According to the N.C. Cooperative Extension website, the crop diseases are similar, creating rotten spots on crops and leaves.
Bitter rot is a common problem for apples commercially produced in the Southeast, the site said.
Davis, who maintains two roadside markets with his business, one each on N.C. 18 and N.C. 150, said apples are his largest crop and have succumbed to disease in past years. He also grows peaches, strawberries and blackberries.
Despite the potential for rotten fruit, Davis has remained calm throughout the recent rainy season and continues farming without much added stress, simply tossing out the bad crops when he sees them.
“We’ve been able to grade out the bad ones and keep the good ones,” he said.
Lineberger Berry Hill Farm in Iron Station, one of two area farms maintained by Harold and Patsy Lineberger, has witnessed little disease-ridden fruit this season.
“We are doing well…and haven’t let anything rot in the field,” Harold said.
Mainly, wet weather has kept him and work crews out of the fields since their trucks have continued to get stuck in thick mud.
He has also had to spray pesticides on his current crop, blackberries, more frequently to keep fungus and bacteria at bay, particularly powdery mildew, which he said affects the vines on his pumpkin plants.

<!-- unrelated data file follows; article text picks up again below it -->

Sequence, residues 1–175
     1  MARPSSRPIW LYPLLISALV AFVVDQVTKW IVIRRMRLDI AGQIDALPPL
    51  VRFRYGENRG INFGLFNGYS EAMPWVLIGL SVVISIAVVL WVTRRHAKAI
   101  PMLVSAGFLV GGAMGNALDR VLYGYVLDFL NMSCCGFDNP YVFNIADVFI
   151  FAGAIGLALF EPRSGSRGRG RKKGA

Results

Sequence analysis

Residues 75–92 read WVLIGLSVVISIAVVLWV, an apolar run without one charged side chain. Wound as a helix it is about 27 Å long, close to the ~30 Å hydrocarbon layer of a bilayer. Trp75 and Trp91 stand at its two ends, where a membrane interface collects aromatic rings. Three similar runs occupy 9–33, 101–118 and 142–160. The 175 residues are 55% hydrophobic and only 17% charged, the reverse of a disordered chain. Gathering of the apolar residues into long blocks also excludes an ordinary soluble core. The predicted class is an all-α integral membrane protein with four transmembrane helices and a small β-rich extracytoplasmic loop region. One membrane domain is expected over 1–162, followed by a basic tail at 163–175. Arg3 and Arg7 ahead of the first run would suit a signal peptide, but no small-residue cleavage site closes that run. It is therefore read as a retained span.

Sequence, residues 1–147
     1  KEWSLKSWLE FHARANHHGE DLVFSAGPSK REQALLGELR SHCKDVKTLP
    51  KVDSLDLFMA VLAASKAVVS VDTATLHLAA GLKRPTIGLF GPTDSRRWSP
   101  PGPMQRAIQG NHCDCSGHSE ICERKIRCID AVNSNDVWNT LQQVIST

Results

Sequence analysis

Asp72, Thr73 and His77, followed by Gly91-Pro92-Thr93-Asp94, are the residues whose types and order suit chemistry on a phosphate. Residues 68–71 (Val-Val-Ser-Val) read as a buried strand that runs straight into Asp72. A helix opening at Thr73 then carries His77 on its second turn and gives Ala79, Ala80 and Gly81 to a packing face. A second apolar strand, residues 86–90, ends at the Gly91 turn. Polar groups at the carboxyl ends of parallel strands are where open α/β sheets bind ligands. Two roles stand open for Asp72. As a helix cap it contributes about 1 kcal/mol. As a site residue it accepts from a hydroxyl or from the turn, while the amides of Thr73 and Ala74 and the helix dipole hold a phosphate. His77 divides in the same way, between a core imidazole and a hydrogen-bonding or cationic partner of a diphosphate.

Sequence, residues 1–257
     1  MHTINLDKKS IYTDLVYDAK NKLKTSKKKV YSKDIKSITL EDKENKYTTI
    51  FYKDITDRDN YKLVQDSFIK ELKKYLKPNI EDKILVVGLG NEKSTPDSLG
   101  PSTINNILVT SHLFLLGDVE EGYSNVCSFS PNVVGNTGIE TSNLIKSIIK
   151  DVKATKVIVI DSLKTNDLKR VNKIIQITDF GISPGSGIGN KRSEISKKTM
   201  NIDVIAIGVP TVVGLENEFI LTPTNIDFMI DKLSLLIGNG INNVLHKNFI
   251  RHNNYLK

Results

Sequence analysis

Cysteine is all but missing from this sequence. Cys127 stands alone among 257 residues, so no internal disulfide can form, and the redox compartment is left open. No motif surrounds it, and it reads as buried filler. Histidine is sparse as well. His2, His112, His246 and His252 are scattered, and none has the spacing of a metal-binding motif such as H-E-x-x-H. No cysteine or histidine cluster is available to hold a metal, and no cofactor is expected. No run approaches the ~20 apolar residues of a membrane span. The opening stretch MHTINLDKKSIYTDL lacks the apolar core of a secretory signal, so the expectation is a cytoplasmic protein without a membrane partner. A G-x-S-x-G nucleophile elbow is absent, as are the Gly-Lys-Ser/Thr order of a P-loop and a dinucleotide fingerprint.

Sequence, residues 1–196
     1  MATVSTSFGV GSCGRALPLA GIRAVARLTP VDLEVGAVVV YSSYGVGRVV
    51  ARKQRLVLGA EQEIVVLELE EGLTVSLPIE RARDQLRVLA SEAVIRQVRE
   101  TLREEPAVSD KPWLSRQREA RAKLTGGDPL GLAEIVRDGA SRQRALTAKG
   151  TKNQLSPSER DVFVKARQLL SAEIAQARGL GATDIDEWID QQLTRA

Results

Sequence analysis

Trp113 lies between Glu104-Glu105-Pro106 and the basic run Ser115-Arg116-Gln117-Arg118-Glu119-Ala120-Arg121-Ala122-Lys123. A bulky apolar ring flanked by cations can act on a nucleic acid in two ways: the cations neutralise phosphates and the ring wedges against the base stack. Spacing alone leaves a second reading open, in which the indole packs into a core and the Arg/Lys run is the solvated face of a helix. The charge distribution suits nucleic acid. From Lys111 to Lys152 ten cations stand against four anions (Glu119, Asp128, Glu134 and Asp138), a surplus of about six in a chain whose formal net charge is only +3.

Lineberger planted several pumpkin seeds earlier this summer and hopes continued rain doesn’t destroy what has already started to grow.
Flooded conditions have also wreaked havoc on area cattle farms.
Glen Creek Farm owner Gerald Frye said the rains have made a “big mess” on his Lawndale property.
“When you have a lot of animals that have relatively small feet for their size…they churn up the grass and make mud holes,” he said. “Sloppy areas like that are unsightly.”
Creeks are also starting to overflow at his farm and hay-making is at a current standstill after floods washed away seven acres of it.
Frye said typically the hay harvest would be completed by this time but unseasonably cooler spring temperatures resulted in a late start.
While a lack of hay will ultimately affect the farm’s bottom line, he is confident the property has enough forage left to produce a substantial amount of the product this year.
Frye will start making hay again as soon as the saturated ground dries since hay that retains too much moisture will mold in the barn, he said.
Despite flooded conditions at the western Lincoln County farm, a silver lining remains.
Frye said the rain has kept his cattle cool and doesn’t disturb their grazing habits.
“When it’s really beating down, they stand there bowed up and take it,” he said. “They don’t mind it a bit.”
He also celebrated the rain for allowing his cattle to have enough to eat, quite the opposite of last year’s dryer season.
Sturey predicted more wet weather in the region’s future. Although an upcoming front and weather pattern doesn’t appear to be bringing long-term precipitation, as in recent weeks, his forecast does show future rain.
“I don’t see any end in sight,” Sturey said.